If the statute is not applicable to the state of Pennsylvania in its transactions with persons in the State's field of activity, it is equally inapplicable to the United States dealing with persons in Pennsylvania within the federal government's field of activity. The exemption from garnishment, therefore, is not available to the Millers. The proviso exempting wages does not apply to the sovereign because of the interpretation of the legislative enactment in the state which passed the legislation.


The appellants make the further point that this garnishment order is invalid in so far as it applies to wages to be earned in the future. The order of the district court calls upon the garnishee to forward to the office of the United States Attorney 'fifteen % of the net wages of said defendant, Paul B. Miller, in installment payments, until the debt, with interest and costs, is fully liquidated.'

view counter

The appellants' point seems to be well taken. Rule 3103 of the Pennsylvania Rules of Civil Procedure 12 P.S.Pa. Appendix, directs us to look to the relevant statutes to determine what property is subject to attachment. The statute controlling the attachment of debts is cast in terms of 'debts due.' Pa.Stat.Ann. tit. 12 § 2265. Rule 3106 provides for the attachment upon a garnishment writ of 'all property of the defendant subject to attachment execution which is in the possession of the garnishee at the time of service and all such property which comes into his possession thereafter until judgment is entered against him * * *.' And judgment is defined in Rule 3101 to include any order requiring the payment of money. What is subject to garnishment in Pennsylvania is that which the garnishee has of the debtor's at the time of the judgment or order.10 This rule is consistent with that of other jurisdictions.11


Why the appellant makes this point is not clear to us. The provision made by the district judge called for withholding of only fifteen per cent of the wages earned. It will be easy enough for successive garnishments to be served which may make the matter of collection much more uncomfortable for the debtor than the present arrangement.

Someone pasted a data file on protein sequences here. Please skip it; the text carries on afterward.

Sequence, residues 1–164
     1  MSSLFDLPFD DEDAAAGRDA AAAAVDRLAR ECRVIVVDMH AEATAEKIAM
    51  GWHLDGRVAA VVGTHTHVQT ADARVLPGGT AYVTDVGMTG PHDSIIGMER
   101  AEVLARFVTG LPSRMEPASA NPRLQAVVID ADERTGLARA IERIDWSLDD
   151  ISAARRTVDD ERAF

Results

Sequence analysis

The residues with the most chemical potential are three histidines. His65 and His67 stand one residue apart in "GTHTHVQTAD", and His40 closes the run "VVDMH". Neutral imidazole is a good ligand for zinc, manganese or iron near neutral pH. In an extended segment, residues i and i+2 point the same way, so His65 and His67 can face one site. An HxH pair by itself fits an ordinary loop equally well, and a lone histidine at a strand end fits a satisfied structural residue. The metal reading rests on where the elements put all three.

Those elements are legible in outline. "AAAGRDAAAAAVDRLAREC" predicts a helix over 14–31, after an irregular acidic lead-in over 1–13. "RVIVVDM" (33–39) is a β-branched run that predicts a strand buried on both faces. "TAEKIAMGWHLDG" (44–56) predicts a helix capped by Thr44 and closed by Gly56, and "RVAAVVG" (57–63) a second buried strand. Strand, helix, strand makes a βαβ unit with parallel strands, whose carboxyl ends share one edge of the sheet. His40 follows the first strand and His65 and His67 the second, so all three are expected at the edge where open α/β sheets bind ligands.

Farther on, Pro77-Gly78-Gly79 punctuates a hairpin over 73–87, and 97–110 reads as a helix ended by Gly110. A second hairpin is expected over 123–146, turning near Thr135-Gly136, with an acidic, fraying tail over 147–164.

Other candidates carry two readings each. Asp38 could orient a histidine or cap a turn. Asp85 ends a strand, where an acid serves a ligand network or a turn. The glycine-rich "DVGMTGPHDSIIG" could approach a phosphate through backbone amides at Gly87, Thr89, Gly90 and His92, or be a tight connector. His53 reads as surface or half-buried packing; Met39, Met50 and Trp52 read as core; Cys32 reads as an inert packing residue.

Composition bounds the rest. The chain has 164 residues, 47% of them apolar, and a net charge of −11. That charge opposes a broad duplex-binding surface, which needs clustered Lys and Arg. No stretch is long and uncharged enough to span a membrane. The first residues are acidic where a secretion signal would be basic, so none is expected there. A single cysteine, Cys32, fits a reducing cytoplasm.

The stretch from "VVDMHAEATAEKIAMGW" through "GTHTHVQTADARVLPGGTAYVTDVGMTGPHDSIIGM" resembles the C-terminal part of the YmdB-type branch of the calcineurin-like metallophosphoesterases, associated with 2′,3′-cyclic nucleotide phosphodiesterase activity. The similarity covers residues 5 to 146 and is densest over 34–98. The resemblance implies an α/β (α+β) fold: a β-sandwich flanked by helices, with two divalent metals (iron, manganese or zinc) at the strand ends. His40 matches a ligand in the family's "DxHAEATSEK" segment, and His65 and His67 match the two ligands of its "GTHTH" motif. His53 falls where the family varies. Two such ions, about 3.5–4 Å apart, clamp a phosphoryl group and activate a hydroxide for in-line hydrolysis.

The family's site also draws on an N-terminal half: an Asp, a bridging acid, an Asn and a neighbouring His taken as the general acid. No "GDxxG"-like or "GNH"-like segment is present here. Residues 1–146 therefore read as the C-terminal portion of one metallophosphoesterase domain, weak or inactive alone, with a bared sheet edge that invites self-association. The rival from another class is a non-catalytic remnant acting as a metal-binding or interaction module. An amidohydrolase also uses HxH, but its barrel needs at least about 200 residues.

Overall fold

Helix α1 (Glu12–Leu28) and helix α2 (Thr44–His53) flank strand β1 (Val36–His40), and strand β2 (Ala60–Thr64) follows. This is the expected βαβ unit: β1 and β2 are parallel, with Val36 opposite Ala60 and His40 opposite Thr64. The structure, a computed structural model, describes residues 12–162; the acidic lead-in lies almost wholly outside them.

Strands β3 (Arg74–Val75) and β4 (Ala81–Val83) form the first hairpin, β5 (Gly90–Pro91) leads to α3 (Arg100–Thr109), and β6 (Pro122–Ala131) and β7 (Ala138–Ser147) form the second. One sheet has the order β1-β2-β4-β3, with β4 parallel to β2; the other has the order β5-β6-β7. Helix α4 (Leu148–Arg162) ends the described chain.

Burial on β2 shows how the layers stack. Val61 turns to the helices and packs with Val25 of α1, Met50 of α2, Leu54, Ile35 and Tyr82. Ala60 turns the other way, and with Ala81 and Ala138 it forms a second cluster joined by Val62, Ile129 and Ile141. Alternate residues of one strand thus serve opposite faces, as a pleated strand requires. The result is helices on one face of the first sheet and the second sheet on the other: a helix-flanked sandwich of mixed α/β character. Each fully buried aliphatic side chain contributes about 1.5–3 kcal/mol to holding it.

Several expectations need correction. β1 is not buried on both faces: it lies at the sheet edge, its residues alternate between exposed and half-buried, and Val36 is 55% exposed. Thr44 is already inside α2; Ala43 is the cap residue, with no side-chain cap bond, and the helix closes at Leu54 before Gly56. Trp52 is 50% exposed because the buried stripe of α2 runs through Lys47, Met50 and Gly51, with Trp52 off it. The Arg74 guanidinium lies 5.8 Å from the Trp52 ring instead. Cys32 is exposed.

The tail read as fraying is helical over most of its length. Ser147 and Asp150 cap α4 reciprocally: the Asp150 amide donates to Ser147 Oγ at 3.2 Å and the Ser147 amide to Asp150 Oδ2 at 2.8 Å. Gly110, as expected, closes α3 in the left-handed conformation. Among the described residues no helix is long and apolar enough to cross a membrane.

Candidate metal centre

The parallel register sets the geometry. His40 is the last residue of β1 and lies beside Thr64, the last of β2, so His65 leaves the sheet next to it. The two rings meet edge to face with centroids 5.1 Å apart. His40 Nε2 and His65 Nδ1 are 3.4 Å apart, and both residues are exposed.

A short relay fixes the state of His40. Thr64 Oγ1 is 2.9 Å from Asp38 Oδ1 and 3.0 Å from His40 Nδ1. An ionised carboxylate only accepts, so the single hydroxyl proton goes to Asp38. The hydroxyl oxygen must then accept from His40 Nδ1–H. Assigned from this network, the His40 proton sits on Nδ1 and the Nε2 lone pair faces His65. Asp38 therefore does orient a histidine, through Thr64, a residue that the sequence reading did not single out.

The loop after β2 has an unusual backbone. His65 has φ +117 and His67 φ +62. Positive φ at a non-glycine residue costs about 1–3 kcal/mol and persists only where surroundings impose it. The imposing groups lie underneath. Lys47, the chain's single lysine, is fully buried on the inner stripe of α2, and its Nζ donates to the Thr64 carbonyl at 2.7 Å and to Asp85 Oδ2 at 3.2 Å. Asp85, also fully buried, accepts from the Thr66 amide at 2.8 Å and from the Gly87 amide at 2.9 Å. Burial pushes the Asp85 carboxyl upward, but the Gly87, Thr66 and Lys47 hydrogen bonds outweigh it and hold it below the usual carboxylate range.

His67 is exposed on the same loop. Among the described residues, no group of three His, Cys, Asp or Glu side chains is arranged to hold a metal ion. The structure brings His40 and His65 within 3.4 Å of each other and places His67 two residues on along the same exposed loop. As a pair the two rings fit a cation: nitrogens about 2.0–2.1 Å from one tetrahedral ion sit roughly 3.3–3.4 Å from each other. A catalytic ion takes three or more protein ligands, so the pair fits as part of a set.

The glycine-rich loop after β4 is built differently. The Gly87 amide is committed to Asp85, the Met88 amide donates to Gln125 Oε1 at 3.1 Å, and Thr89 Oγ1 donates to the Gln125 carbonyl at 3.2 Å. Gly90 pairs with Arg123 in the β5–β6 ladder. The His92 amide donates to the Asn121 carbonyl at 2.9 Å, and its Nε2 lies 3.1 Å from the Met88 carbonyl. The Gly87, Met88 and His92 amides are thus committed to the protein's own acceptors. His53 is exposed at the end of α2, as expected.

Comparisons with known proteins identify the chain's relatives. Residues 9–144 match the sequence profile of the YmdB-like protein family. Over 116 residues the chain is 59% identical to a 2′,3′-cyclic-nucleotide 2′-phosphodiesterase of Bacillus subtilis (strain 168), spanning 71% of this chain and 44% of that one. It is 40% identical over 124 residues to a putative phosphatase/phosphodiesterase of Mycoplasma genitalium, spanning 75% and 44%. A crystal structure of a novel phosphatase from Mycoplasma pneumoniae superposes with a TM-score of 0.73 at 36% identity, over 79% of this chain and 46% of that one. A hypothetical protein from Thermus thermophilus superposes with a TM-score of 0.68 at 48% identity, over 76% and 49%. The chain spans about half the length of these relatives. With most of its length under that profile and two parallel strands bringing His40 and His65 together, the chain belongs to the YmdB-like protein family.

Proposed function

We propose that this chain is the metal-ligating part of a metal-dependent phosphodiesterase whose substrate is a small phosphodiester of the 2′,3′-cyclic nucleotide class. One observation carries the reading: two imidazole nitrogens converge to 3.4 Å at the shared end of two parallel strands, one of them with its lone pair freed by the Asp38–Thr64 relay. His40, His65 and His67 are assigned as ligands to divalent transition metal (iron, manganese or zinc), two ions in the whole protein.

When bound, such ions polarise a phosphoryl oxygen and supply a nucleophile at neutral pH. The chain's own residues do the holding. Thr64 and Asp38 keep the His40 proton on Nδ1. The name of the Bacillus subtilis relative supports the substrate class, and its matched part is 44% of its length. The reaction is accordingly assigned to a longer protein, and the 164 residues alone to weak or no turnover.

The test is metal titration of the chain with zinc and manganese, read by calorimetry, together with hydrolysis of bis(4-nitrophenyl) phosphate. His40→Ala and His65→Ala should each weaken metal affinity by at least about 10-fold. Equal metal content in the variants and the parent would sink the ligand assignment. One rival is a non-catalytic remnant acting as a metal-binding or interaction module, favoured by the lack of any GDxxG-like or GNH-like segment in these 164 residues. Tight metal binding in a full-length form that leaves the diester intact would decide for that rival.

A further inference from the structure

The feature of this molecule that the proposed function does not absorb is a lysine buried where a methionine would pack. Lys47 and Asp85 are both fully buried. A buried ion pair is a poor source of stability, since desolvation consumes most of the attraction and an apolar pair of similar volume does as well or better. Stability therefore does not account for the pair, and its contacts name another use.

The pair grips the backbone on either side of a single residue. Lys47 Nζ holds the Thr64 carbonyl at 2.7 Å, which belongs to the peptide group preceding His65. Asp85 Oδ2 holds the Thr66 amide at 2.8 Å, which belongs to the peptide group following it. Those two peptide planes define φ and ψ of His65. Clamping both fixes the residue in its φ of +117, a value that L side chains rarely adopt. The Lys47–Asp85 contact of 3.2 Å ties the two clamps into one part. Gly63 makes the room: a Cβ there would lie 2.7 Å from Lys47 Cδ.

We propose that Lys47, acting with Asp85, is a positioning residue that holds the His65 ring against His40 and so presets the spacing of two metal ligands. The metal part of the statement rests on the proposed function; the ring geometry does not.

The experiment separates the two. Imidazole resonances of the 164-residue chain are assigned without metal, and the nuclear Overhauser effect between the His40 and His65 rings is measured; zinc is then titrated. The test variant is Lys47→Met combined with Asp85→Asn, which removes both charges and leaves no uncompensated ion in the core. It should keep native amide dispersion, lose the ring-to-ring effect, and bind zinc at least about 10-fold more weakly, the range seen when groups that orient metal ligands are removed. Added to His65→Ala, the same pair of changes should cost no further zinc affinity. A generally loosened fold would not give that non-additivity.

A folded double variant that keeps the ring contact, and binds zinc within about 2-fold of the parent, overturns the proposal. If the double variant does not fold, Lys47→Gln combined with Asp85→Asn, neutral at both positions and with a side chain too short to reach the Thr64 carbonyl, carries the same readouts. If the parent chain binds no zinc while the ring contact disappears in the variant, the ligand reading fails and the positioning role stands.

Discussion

The judgment for the plaintiff bearing date July 19, 1955, will be affirmed except that it is directed that paragraph (b) providing for the application of the garnishment to future amounts is to be deleted.

1 United States v. Miller, D.C.E.D.Pa. 1955, 134 F.Supp. 276.

2 Rule 64 is also cited to us but we do not think it has anything to do with this case. See 7 Moore, Federal Practice P64.04(1), p. 1508 (1955).

3 United States v. Hackett, D.C.W.D.Mo.1954, 123 F.Supp. 106.

4 Reconstruction Finance Corp. v. Breeding, 10 Cir., 1954, 211 F.2d 385.

5 Leeds Music Corp. v. Jones, D.C.E.D.Pa.1945, 6 F.R.D. 616, affirmed per curiam, 3 Cir., 1946, 159 F.2d 415.

6 Rottenberg v. United States, 2 Cir., 1944, 142 F.2d 151.

7 Moore also concludes that rule 69(a) subjects the United States, as a litigant, to state limitations. 7 Moore, Federal Practice P69.04(3), p. 2420 (1955). With this position we agree.

8 The court also pointed out that the state is not bound by the $300 exemption provision. Pa.Stat.Ann. tit. 12, §§ 2161, 2166. Another court has taken the same position. Commonwealth v. Wilcox, 1942, 46 Pa.Dist. & Co.R. 435. This disposes of an alternative contention made by appellants here.

9 Here are some of the principal decisions illustrating the variety of statutory materials to which this theory has been applied: Commonwealth v. Baldwin, 1832, 1 Watts 54 (the period for which a judgment shall continue as a lien); Baker v. Kirschnek, 1935, 317 Pa. 225, 176 A. 489 (a prohibition against the sale of intoxicating liquor); Commonwealth v. Dauphin County, 1939, 335 Pa. 177, 6 A.2d 870 (a municipal property tax); Culver v. Commonwealth, 1944, 348 Pa. 472, 35 A.2d 64 (the payment of interest on an amount awarded in eminent domain proceedings); Hoffman v. City of Pittsburgh, 1950, 365 Pa. 386, 75 A.2d 649 (an acquisition of land by a municipality); Petition of City of Pittsburgh, 1954, 376 Pa. 447, 103 A.2d 721 (the divestiture of liens).

10 The rules specifically contemplate the possibility of subsequent proceedings against property coming into possession of the garnishee after judgment rules 3102, 1276(b), 1277(b). Decisions before the rules indicate clearly that additional proceedings were necessary to reach such property. Corbit Bros. Plumbing & Heating Co. v. Adams, C. P. Berks Co. 1927, 20 Berks 96; Tiers v. Woodruff, C.P. Montg. Co. 1900, 16 Mont. 36.

11 See cases compiled in Annotation 1928, 56 A.L.R. 601, 634.